Figure
2.1


concerning the industry, as unless an alternative mode of transportation or fuel is

invented, the industry will have to continue to rely on petroleum to power the vehicles

that will bring in tourists. Another ecologically unsustainable attribute of tourism is the

large-scale developments associated with creating destinations that tourists visit.

Creation of new tourism destinations tends to be in pristine or valuable lands, with high


 8

impact to local ecosystems both in its building and operations. (Honey, 1994) The

operations of resorts and hotels, regardless of their location, have a propensity for large-

scale wastage. This comes from large volumes of people consuming at higher than

normal levels, causing large amounts of waste and water consumption.

Economic


The 1980’s saw a trend of the creation of large international conglomerations of travel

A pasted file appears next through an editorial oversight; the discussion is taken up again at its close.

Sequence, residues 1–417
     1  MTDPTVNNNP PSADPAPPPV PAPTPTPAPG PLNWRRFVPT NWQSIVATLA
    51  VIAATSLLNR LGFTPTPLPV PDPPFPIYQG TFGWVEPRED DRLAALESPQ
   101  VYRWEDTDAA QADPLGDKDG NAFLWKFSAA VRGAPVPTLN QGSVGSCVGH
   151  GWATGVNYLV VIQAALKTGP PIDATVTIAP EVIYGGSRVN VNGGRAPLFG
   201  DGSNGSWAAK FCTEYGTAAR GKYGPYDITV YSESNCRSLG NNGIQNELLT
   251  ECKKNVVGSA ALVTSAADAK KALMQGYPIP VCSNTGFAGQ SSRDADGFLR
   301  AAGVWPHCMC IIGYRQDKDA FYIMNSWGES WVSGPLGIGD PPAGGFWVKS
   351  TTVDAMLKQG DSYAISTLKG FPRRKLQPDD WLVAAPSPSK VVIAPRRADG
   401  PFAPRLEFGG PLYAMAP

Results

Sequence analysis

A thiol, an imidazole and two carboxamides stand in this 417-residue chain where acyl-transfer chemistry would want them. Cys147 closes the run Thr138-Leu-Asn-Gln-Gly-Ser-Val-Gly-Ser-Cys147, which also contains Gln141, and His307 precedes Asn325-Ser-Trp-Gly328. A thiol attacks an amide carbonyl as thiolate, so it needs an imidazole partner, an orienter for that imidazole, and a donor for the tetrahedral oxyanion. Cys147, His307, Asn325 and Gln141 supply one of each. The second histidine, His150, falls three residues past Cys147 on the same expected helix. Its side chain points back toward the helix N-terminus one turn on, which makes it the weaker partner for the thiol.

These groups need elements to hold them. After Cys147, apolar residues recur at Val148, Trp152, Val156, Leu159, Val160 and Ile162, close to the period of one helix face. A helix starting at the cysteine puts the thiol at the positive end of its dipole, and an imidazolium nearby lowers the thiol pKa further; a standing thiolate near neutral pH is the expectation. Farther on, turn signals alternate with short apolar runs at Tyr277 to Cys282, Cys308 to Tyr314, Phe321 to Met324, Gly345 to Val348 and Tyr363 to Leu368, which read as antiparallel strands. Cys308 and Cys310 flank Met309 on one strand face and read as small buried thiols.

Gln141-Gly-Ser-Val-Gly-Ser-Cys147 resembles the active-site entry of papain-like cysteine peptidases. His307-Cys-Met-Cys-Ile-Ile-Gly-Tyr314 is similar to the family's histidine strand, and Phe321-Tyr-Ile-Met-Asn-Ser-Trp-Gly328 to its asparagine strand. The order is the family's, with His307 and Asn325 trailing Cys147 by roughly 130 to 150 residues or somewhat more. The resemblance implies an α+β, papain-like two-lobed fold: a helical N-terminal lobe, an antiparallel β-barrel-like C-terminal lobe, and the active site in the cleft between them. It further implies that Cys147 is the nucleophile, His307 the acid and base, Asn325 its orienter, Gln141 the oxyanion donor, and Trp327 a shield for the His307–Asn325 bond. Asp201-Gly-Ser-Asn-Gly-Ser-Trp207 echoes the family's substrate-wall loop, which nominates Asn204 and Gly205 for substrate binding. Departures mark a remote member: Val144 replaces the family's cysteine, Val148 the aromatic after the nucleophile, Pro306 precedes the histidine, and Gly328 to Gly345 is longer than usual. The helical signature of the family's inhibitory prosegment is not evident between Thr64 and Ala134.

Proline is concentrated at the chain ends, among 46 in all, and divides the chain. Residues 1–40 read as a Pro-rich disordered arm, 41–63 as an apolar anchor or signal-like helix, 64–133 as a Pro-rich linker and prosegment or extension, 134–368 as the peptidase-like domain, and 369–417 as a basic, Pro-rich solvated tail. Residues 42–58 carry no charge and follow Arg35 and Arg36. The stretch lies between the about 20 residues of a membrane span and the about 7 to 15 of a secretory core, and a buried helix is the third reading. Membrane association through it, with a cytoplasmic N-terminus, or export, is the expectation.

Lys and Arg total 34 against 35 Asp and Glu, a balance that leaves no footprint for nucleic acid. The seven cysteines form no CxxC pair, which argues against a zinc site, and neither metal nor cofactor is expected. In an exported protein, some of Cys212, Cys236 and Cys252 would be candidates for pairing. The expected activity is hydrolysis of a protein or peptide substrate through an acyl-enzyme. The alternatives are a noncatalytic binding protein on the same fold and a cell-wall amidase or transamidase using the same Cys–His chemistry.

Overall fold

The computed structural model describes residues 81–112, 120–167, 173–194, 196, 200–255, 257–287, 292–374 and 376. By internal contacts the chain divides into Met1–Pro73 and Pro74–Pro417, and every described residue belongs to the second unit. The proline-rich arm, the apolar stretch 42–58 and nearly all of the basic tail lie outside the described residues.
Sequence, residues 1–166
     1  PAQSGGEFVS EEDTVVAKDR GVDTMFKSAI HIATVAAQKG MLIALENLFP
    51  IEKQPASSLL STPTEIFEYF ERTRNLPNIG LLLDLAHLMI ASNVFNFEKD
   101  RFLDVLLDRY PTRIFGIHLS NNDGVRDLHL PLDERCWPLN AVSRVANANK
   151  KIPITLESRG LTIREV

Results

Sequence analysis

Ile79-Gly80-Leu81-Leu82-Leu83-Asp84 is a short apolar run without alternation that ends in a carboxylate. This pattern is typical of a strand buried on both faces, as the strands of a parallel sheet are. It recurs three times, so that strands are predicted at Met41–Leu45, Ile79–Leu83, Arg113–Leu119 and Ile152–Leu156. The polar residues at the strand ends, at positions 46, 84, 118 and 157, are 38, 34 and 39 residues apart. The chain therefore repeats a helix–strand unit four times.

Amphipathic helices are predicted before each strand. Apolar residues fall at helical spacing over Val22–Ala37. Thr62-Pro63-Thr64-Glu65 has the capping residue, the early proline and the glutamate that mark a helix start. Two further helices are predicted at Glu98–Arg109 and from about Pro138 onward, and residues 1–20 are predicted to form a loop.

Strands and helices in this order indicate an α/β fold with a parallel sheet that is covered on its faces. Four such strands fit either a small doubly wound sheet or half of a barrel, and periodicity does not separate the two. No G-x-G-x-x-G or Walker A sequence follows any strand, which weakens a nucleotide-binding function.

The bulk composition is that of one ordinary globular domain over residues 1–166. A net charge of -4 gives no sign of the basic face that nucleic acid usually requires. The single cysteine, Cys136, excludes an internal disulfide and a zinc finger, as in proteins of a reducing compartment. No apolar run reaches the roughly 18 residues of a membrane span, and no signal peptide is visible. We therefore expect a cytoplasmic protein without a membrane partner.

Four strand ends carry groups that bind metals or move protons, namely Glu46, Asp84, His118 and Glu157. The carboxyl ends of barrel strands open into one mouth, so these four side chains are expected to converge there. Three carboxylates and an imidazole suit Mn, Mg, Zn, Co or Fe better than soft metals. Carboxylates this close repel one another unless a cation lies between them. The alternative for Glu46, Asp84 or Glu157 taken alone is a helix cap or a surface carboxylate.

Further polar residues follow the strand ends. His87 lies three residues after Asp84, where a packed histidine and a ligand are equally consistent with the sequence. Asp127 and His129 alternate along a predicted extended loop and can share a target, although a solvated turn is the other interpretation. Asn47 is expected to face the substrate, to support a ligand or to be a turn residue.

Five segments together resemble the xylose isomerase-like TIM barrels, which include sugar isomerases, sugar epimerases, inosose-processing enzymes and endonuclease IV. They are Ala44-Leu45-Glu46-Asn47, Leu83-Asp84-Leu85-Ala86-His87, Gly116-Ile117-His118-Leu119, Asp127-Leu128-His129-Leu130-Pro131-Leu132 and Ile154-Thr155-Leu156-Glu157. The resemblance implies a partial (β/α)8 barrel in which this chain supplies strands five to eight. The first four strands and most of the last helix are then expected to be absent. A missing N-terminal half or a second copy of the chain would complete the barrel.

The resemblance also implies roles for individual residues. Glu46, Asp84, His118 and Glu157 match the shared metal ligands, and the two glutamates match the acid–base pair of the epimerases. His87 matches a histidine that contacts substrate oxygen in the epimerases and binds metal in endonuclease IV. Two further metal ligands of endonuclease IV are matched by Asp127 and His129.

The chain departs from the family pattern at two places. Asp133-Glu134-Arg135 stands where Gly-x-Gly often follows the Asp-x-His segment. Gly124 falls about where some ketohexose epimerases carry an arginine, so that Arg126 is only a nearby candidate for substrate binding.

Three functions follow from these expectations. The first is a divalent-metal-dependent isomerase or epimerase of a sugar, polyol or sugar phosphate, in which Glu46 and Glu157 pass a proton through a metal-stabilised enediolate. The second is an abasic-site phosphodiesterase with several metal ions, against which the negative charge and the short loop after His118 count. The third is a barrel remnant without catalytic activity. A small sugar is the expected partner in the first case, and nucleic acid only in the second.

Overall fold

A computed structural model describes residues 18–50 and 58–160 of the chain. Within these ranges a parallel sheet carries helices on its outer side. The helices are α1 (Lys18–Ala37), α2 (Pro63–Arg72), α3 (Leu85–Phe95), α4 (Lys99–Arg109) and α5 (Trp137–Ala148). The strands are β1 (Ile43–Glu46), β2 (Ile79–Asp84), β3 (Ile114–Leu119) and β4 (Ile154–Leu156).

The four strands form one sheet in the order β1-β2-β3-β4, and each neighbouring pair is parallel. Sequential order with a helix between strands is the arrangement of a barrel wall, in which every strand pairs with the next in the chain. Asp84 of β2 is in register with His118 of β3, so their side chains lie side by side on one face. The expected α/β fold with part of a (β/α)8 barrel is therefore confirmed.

businesses. These corporations began to buy up smaller tourist operations in all levels of

the industry, including: travel agencies, air lines, ground transportation, hotels, tours, and

cruise lines. The result was a handful of corporations owning all aspects of the global

tourism industry. The capital that these companies are able to levee for development

projects is often too tantalizing for developing countries to resist. They look to these

foreign investors for capital or for direst ownership, and inevitably loose control of their

own industry. (Honey, 1994) Today it is not unusual to travel to a different continent

and pay one company, either directly or indirectly, for all aspects of the trip.

There are a number of problems that arise with this model. First, having control of

the industry in the hands of a foreign corporation causes an outflow of profits from the

host country to the country of ownership. This is referred to as leakage. (Fennell, 1999)

Second, other income should come to the host country through development of

infrastructure: building labor, materials, and furniture / supply purchasing, as well as

employment and food purchasing. However, in the case of developing world tourism

initiatives, these aspects are often imported externally to ensure better quality.

Management positions are brought in from countries with higher levels of education,